RTX 4080 Super teardown sheds light on power connector controversy — PCB shows traces for two 8-pin connectors along with the 16-pin connector

Palit GeForce RTX 4080 Super GamingPro OC
Palit GeForce RTX 4080 Super GamingPro OC (Image credit: 自作とゲームと趣味の日々/X)

Unsurprisingly, the GeForce RTX 4080 Super, one of the best graphics cards, launched with a 16-pin power connector (12VHPWR). According to a photograph from a Japanese reviewer, at least one vendor had seemingly contemplated using standard 8-pin PCIe power connectors instead.

A teardown of the Palit GeForce RTX 4080 Super GamingPro OC revealed spacing on the PCB for two 8-pin PCIe power connectors. Curiously, the empty area is right next to the 12VHPWR power connector, almost as if using the connector was a decision after the original design. Although PCI-SIG has improved the design of the 12VHPWR power connector for enhanced safety, there is still a bit of fear surrounding the revised 12V-2x6 power connector, especially after the original one was the star of the meltdown fiasco on the flagship GeForce RTX 4090.

Just like the recently launched GeForce RTX 4070 Super, it's plausible that the usage of the 12VHPWR power connector is a requirement for the GeForce RTX 4080 Super. However, vendors like Maxsun defy the requisite and use two 8-pin PCIe power connectors on the brand's GeForce RTX 4070 Super iCraft. In Palit's case, it appears that the manufacturer aligned with Nvidia's requirements. Curiously, if Palit had gone down the other road, the GeForce RTX 4080 Super GamingPro OC would have been the only custom GeForce RTX 4080 Super to feature that design. The power connectors were also designed to be placed at the rear of the graphics card, a design typical for professional products.

The GeForce RTX 4080 Super has a TGP (total graphics power) of 320W. However, according to Nvidia, the Ada Lovelace graphics card's average power consumption during gaming is around 246W. A pair of 8-pin PCIe power connectors and the PCIe expansion slot (375W) suffice to cover the TGP. The included 16-pin power adapter with the GeForce RTX 4080 Super GamingPro OC has two 8-pin PCIe connectors on the other end. Unless you own an ATX 3.0 power supply, you'll likely have to run two 8-pin PCIe power cables to the GeForce RTX 4080 Super, which defeats the purpose of minimizing cable clutter.

Given the similarities between the regular GeForce RTX 4080 and GeForce RTX 4080 Super, many of Nvidia's AIB partners may recycle the former PCBs for the new Super variant. Palit likely did the same for the GeForce RTX 4080 Super GamingPro OC, so the PCB is potentially the one the company uses for the GeForce RTX 4080 GamingPro OC. The GeForce RTX 4080 GamingPro OC also utilizes the 12VHPWR power connector, so the decision to use 8-pin PCIe power connectors dates back to the GeForce RTX 4080 launch.

It's unlikely that Palit will openly tell us what's up with the design or why the company ultimately decided to modify the original floor plan. You don't typically leave space for something you don't plan to use. Nvidia has enthusiastically pushed the 12VHPWR power connector on its Ada Lovelace-based graphics cards. That alone is sufficient to give us a clue as to Palit's change of mind.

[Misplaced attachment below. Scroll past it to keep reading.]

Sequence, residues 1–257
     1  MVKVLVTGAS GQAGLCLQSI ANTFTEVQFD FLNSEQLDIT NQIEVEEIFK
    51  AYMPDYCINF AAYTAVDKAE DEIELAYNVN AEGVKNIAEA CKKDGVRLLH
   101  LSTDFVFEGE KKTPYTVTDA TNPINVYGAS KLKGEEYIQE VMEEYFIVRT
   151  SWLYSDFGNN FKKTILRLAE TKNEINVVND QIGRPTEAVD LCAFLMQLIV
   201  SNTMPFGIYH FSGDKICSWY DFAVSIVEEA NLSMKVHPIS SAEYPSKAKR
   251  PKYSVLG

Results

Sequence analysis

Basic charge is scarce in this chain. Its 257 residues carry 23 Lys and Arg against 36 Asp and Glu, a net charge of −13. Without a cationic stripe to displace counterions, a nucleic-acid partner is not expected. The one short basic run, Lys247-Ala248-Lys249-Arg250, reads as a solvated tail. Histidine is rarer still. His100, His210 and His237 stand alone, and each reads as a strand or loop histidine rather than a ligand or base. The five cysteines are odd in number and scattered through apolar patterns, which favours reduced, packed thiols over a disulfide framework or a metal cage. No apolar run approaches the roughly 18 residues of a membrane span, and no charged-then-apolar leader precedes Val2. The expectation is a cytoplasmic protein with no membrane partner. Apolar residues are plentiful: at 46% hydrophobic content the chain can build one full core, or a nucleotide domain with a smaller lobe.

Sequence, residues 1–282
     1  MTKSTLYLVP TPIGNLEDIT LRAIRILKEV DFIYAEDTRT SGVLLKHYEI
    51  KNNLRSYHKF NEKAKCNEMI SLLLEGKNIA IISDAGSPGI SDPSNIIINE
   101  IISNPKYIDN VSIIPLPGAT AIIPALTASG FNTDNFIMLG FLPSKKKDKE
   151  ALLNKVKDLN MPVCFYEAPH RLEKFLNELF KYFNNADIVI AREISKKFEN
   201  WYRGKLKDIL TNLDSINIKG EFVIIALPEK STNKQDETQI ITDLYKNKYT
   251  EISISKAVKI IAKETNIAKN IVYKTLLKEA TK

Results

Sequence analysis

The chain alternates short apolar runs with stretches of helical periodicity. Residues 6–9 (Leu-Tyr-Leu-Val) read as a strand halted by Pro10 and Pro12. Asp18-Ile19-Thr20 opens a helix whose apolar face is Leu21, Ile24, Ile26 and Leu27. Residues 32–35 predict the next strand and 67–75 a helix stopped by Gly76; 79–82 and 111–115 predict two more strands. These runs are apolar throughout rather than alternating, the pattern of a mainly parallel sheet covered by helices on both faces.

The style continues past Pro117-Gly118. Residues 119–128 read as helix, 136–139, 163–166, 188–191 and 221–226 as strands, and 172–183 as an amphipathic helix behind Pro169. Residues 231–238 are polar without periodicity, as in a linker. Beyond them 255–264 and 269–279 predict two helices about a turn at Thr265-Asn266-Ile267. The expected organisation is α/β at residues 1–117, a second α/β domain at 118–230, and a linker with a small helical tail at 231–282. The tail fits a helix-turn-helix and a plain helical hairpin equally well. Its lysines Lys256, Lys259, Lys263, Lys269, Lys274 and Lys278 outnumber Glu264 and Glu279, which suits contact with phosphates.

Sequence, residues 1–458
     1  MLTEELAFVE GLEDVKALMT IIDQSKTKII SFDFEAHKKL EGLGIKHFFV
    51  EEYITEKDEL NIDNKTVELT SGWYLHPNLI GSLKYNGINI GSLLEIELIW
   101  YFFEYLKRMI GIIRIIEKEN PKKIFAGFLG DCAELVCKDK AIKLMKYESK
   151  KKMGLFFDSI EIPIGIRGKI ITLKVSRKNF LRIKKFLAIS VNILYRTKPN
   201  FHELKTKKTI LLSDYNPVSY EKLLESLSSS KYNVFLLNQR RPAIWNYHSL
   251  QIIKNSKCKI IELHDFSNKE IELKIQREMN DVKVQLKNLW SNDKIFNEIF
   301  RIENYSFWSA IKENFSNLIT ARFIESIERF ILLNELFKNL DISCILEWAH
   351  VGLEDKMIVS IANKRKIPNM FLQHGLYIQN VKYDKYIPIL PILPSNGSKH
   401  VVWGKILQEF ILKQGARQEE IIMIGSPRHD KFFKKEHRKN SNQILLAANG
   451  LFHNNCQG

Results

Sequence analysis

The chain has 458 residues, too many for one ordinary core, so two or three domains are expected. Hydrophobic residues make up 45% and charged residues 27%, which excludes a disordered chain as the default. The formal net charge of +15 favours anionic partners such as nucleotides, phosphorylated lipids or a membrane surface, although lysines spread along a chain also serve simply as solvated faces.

Zhiye Liu
RAM Reviewer and News Editor

Zhiye Liu is a Freelance News Writer at Tom’s Hardware US. Although he loves everything that’s hardware, he has a soft spot for CPUs, GPUs, and RAM.

  • Eximo
    Would need to ohm out the traces to be sure, but could these actually be a pair of EPS connectors? My understanding is that those are more commonly used in professional environments.

    That would make more sense since each of those would be rated for 336W.
    Reply
  • why_wolf
    Maybe they thought about selling one with both ports on board? Though I see the obvious danger of people plugging into all 3 ports at once.
    Reply
  • Alvar "Miles" Udell
    Although PCI-SIG has improved the design of the 12VHPWR power connector for enhanced safety, there is still a bit of fear surrounding the revised 12V-2x6 power connector, especially after the original one was the star of the meltdown fiasco on the flagship GeForce RTX 4090.

    Which is completely justified.

    https://www.tomshardware.com/pc-components/gpus/faulty-12v2x6-connector-found-with-rtx-4080-super-card-it-could-be-a-one-off-problem-but-caution-is-advisable
    Reply
  • ilukey77
    stick with tried and true methods .. saves on possible RMA's ..

    Ill be thinking hard on my next GPU purchase if AMD stick with old reliable or this new 12V-2x6 plug
    Reply
  • yeyibi
    Any GPU that expensive should have ultimate reliability, but with nvidia is quite the opposite.
    Reply
  • purpleduggy
    nvidia likes the number 16 and melting
    Reply
  • sdmf1974
    I'm sure they will have the connector issue all sorted out by the time I'm able to afford an upgrade on my rtx3080 lol
    Reply
  • 35below0
    sdmf1974 said:
    I'm sure they will have the connector issue all sorted out by the time I'm able to afford an upgrade on my rtx3080 lol
    Well fortunately the 3080 is not in need of an upgrade, right? I mean, it's a pretty good card that the 40xx series has little to offer as an improvement. In terms of performance yes, maybe, but value for money not so much.
    So, yeah you're right. :geek:
    Reply
  • yeyibi
    sdmf1974 said:
    I'm sure they will have the connector issue all sorted out by the time I'm able to afford an upgrade on my rtx3080 lol
    Is not just a connector issue, but also PCB that break by their own weight
    Reply